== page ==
Parents and families have the most direct and lasting impact on children's learning and development of social competence. When parents are involved, students achieve more, exhibit more positive attitudes and behavior, and feel more comfortable in new settings. Early childhood providers need to reach out to families in order to build the kind of relationships that engage them as active partners early in their children's education (National Dropout Prevention Center/Network, 2003).
Families are crucial partners in promoting positive social skills. Home visits, parent visitation to child care or school setting, telephone conversations, newsletters, informal notes, bulletin boards, workshops, and regular face-to-face communication can be used to keep families informed about the specific social skills being focused on in the early childhood setting and for care providers to learn about what families are doing at home.
If guidance strategies are to be truly effective, parent involvement and support are crucial. Early care providers need to engage parents as soon as their child is enrolled in the program and ask for assistance in understanding the child's background and the family's goals for the child. Sensitivity to family and cultural differences is crucial and can be heightened by the care provider's ability to listen and encourage communication. Acceptance of differences in families is essential for each child and parent to feel a sense of belonging in early childhood programs. Mutual respect, cooperation, shared responsibility, and negotiation of differences in opinion between parents and care and education professionals are necessary to achieve shared goals related to the guidance and education of young children.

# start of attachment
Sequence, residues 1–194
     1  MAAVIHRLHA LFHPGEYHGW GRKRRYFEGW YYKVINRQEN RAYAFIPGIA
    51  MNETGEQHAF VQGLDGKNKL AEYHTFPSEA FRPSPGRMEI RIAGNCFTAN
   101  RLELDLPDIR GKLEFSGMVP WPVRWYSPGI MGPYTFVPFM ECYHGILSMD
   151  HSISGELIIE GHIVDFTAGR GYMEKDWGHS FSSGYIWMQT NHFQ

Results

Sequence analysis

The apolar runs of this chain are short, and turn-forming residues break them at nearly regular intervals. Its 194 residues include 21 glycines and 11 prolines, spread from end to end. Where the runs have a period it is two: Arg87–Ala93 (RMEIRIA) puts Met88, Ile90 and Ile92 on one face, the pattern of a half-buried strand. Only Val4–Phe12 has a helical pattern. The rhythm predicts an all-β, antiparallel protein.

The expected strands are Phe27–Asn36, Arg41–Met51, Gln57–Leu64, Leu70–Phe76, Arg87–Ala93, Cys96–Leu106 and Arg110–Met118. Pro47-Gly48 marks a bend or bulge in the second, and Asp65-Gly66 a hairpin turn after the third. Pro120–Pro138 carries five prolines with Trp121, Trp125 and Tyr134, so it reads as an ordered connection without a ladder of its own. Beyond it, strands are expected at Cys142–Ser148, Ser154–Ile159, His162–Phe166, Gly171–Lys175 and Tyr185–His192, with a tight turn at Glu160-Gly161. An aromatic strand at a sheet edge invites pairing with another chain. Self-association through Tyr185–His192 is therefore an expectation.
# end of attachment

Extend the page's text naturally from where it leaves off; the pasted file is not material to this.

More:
According to the National Association for the Education of Young Children (1998) Code of Ethical Conduct, professionals' ethical responsibilities to families most related to guidance strategies include:
- Develop relationships of mutual trust with families we serve
- Acknowledge and build upon strengths and competencies as we support families in their task of nurturing children
- Respect the dignity of each family and its culture, language, customs, and beliefs
- Respect families' child-rearing values and their right to make decisions for their children
- Help family members improve their understanding of their children and enhance their skills as parents
As our nation's population becomes more and more diverse in terms of race, ethnicity, and language, early child care providers may need to learn about cultures and family child-raising styles that are different from their own. Families participating in their programs can help them do so. Parents become a respected source of information and are accorded another meaningful role in their child's education. Establishing dialogue and trust is the first step in this process and should include: expressing a desire to learn from the parent, asking for parents' opinions, discussing ways to support the family's values and customs, and acknowledging that there are many points of view on a topic (Sturm, 2003).
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